I hate to say it, but this is exactly what the factory does not want you to do. Lower rpms can cause the engine to "lug" especially when under high power demand. It also generates large amounts of heat, very very rapidly in the engine. High RPMs do NOT generate increasing amounts of load on the clutch or other friction surfaces, but high loading definitely does. I would suggest changing this process for a high rpm low load style...
I was basing that break-in style on something I had read, about requiring that in order to properly seat the rings. Your arguments against it do make sense though. I wish car companies would have a recommended procedure in the owners manuals. Or, maybe the lack thereof means this really isn't a big concern after all?
 

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MattG said:
...I wish car companies would have a recommended procedure in the owners manuals.
My Mini, M3, 911 and Ducatis all detailed break-in procedures in the owner's manual. I followed them. But to each his own...

Does Lotus make any such recommendations in their manuals?
 

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MattG said:
I wish car companies would have a recommended procedure in the owners manuals.
Subaru has them, too (1000 miles under 4000rpm), I thought that every car did. I'll just follow what is recommended in the manual. With all the conflicting theories that are around, the procedure suggested by the engineers who built the engine seems as good as anything.
 

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The question about break-ins is has anybody ever heard a mechanic say:

"The problem you're having with your engine is because it was not properly broken in."

I never had, and I would bet that almost no mechanic could tell the difference between a properly and improperly broken in car. I think the only thing that really matters are the early (1000 mile) oil changes.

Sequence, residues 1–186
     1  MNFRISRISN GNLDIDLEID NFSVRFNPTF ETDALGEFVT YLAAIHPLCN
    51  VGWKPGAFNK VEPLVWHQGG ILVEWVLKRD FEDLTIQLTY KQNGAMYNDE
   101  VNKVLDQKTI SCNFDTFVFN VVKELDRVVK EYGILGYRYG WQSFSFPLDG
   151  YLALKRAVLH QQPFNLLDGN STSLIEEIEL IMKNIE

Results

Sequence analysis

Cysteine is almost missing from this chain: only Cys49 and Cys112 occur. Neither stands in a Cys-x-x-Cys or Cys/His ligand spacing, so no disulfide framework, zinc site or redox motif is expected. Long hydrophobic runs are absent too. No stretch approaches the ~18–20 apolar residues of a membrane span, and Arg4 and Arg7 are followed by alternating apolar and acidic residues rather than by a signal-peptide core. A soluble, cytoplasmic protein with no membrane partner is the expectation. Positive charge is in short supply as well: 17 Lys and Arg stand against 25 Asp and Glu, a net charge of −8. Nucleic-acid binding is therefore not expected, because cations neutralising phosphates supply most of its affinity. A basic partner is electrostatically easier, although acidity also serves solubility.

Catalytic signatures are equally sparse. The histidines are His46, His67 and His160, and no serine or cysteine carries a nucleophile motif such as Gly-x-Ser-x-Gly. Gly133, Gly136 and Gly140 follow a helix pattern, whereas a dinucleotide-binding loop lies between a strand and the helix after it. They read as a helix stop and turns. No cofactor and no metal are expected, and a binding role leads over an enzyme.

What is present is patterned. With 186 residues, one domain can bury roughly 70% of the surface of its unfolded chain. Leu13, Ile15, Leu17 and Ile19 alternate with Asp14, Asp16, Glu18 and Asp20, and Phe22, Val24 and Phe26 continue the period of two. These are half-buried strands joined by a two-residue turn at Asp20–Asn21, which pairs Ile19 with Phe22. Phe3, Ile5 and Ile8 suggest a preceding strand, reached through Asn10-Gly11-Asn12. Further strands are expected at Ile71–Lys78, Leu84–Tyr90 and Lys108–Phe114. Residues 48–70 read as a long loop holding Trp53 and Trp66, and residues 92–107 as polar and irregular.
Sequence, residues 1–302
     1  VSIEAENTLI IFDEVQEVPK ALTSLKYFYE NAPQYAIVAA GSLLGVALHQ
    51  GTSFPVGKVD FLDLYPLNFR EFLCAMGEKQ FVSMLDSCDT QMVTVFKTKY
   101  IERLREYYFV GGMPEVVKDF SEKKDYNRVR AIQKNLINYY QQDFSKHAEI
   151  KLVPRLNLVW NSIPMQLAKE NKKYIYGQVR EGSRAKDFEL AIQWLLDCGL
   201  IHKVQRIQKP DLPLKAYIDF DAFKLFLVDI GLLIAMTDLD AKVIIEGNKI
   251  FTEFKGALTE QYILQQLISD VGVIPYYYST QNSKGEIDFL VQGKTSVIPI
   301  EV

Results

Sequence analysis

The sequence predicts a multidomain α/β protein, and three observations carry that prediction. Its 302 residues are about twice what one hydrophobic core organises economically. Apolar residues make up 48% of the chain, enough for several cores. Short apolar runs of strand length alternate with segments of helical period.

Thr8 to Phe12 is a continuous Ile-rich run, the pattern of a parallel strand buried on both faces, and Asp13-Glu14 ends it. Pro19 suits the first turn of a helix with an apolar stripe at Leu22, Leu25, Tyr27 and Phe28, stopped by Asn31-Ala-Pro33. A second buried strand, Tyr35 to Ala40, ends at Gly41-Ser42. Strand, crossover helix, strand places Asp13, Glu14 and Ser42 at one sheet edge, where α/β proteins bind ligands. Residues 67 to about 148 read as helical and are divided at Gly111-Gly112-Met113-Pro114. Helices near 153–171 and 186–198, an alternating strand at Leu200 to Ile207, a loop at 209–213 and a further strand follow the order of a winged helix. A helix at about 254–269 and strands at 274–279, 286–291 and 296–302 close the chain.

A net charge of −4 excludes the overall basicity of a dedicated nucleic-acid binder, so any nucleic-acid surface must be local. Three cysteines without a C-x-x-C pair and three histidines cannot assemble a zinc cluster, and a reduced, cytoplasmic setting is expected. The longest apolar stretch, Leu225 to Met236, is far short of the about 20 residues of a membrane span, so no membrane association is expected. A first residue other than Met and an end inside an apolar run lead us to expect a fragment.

Are there any concrete facts that improper break-in could lead to loss of performance, reduced reliability, or shorter engine life? What else could possibly happen?

Steve
 

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Rings and valves/valve seats/valve guides are broken in at the factory. thats why they spin the engines without load.

then they finish seating them by driving the car (without user intervention) on a rolling road chassis dyno.

So no worries there. The rest of the breakin is to get everything used to the heat, so its time to drive!
 

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slacy said:
The question about break-ins is has anybody ever heard a mechanic say:

"The problem you're having with your engine is because it was not properly broken in."

I never had, and I would bet that almost no mechanic could tell the difference between a properly and improperly broken in car.
Er, not so much. I read a Viper buyer's guide a while back that noted that a rather large number of Vipers have had serious ring problems due to overly harsh break-in. I've also seen countless instances over the years where someone dynos a car that's been a "press car" for a couple of months, and noted that the power is significantly lower than cars of the same model that weren't flogged mercilessly from day one.

The only concrete example I can lay my hands on right now is a test of a Mitsubishi Evo VII in the July 2003 issue of Sport Compact Car. Whereas a "healthy" stock Evo7 can pull a 13.4 @ 103, this car, a movie car with 173 miles on the odo and bone-stock except for cosmetic changes, could only do 15.3 @ 88. While the ugly bodykit is probably to blame for maybe .25 to .50 sec, the rest is likely the fact that it got run pretty hard during filming.
 

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slacy said:
I think the only thing that really matters are the early (1000 mile) oil changes.
I agree...and yet our 2003 Jetta (1.8T) says nothing of this, recommending the first oil change be done at 5000 miles!
 

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AutoXJunkie said:
The only concrete example I can lay my hands on right now is a test of a Mitsubishi Evo VII in the July 2003 issue of Sport Compact Car. Whereas a "healthy" stock Evo7 can pull a 13.4 @ 103, this car, a movie car with 173 miles on the odo and bone-stock except for cosmetic changes, could only do 15.3 @ 88. [/B]
Frankly, I'd suspect some other simple mechanical failure, like a burnt out clutch, or a turbo hose or clamp thats come off or loose, or some other "catastrophic" failure. (busted O2 sensor, some ECU problem, etc.) I wonder if the "Check Engine" light was on. :) I can't imagine that in 173 miles that much damage could be done to a car! Even racing engines that essentially destroy themselves after about that many miles would still be pulling strong. I've got to think that a factory engine is at least that rugged. :)

Steve